I swear between Chris Rock's Good Hair and now Precious, I feel Hollywood is throwing out the worst stereotypes of Black life for public consumption. And it's Black people behind it this time! And I'm not saying we can't have real-life stories up on the big screen, but what is the point of a film like Precious? I don't care what Oprah says, "We are not all Precious." I don't see any Precious in me. None. In fact, I pray to God most people can't find a scrap of themselves in Precious. Author Carleen Brice writes about this on her blog today.

At the end of the day, maybe Precious wouldn't get so much hype and attention if there were more movies about Black people to choose from. And maybe some of those movies wouldn't have to be about pathology and degradation but about things like, oh, I don't know, the power of bedtime stories or two people falling in love via the internet, or maybe a young Black woman's search for true love in Spain. Just for example.

I am throwing my hands up and shouting, "Why?" (School Daze flashback, anyone?)

(sigh) Can anybody convince me that Precious is worth watching. I dare you to try. Has anybody seen it and have a comment to share? As always, I'm listening.



Curly Film Chick said...

As a movie, I am very interested in seeing it. It looks like a great movie. Unfortunately, there are going to be some readings of the film to make you double think what you are actually seeing on the screen, and I think that's what the problem might be for people. The exploitation of the situation that actually does happen for people.

Still going to see it though. The performances look great. And for the record, I had "complex" upbringing but no, I am not precious. Although I thought when they said we are all her, it was meant as we all overcome obstacles...

Aron Ranen said...
This comment has been removed by a blog administrator.
Anonymous said...

I think the topic of the movie is just too much for me to handle. I feel too deeply to watch something like this and just walk away. That ish would haunt my dreams for the rest of my life. But I will read the review you recommended.

Seriously, I totally understand why you don't want to see it. I hate to say it but it seems folks aren't interested in fairy tales or positive images when it comes to black folks. I remember when 'Something New' came out with Sanaa Lathan and 3 weeks later it was out of the theaters. I ended up buying the dvd and I still can't figure out why it didn't do well at the box office. Or better yet, 'Love Jones' with Nia Long and Larenz Tate. Both fab movies with positive black character doing 'normal' ish, like falling in love and having a career. Seemingly no one is interested in norms of black life. It's all about 'keeping it real'( reference to Dave Chapelle show skit...When keeping it real goes wrong).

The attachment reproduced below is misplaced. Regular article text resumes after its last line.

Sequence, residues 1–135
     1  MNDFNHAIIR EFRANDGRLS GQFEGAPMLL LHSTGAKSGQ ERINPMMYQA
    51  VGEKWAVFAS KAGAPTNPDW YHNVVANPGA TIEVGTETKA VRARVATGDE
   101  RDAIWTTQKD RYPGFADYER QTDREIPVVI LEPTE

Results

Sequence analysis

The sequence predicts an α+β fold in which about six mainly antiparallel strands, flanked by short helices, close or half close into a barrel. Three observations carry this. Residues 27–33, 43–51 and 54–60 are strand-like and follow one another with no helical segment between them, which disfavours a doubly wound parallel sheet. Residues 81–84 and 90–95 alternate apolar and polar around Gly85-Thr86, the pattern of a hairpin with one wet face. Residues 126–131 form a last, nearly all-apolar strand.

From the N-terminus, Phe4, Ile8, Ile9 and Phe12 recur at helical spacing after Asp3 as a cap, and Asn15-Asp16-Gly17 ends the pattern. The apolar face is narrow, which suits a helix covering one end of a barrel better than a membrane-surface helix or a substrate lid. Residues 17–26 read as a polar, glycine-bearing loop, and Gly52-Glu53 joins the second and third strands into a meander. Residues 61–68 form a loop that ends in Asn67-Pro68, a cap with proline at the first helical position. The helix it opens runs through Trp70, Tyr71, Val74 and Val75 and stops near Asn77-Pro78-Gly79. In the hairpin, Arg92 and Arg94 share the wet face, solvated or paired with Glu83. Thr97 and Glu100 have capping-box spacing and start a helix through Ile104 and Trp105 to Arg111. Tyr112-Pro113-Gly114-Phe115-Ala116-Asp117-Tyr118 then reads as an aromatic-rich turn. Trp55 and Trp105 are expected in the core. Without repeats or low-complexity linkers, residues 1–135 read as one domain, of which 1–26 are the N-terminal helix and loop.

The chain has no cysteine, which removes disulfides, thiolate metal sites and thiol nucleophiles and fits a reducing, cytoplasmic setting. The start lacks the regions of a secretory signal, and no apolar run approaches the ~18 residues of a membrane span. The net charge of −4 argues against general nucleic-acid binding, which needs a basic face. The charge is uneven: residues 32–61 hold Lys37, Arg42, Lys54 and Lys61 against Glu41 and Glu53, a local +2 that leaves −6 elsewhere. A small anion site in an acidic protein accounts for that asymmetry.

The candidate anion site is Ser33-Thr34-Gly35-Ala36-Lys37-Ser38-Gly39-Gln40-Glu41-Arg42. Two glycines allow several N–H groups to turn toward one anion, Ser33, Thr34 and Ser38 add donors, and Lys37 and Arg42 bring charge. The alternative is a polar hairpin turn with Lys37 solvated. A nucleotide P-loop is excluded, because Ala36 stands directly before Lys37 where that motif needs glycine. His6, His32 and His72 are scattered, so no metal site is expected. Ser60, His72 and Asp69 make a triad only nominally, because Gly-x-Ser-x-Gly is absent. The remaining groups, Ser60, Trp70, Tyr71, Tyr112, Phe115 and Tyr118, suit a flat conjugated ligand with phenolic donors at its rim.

Off to read the reveiw.

Carleen Brice said...

Yvonne, I soooo loved Something New! I'm with you. I wish we would support more of those kind of movies.

LT said...

Let us know what you think after viewing.

Yvonne and Carleen,

I loved Something New too! (sigh) Why can't we get more films like that? Why do fabulous Black actors and actresses have to wait their turn for the next Tyler Perry vehicle to dumb themselves down for? (sigh again even louder.)

Waiting for Zufan! said...

I'm SO glad you feel this way. There is no way I could ever stand to see it. The description itself makes me sick. Thanks for going against Oprah and sharing this side of. I'm with you. :)

Rose-Anne Clermont said...

Agh, LT, I can't say I don't understand you for not wanting to see the film. Our generation of black Americans--the Cosby gen-- has spent a lot of time (at home and abroad) debunking the poor, uneducated, dysfuntional black family clichee and then here comes along this film. . . but let me back up.

I reviewed this book when it first came out and I interviewed Sapphire (at Ozzie's in Park Slope. . .those were the days) and I recall being so surprised by how positive she was, at least in comparison to the tone of the book. I think she was amazed by the attention the book had received especially considering the content. Sapphire saw its success, I think, as an opportunity (and not just a publishing one).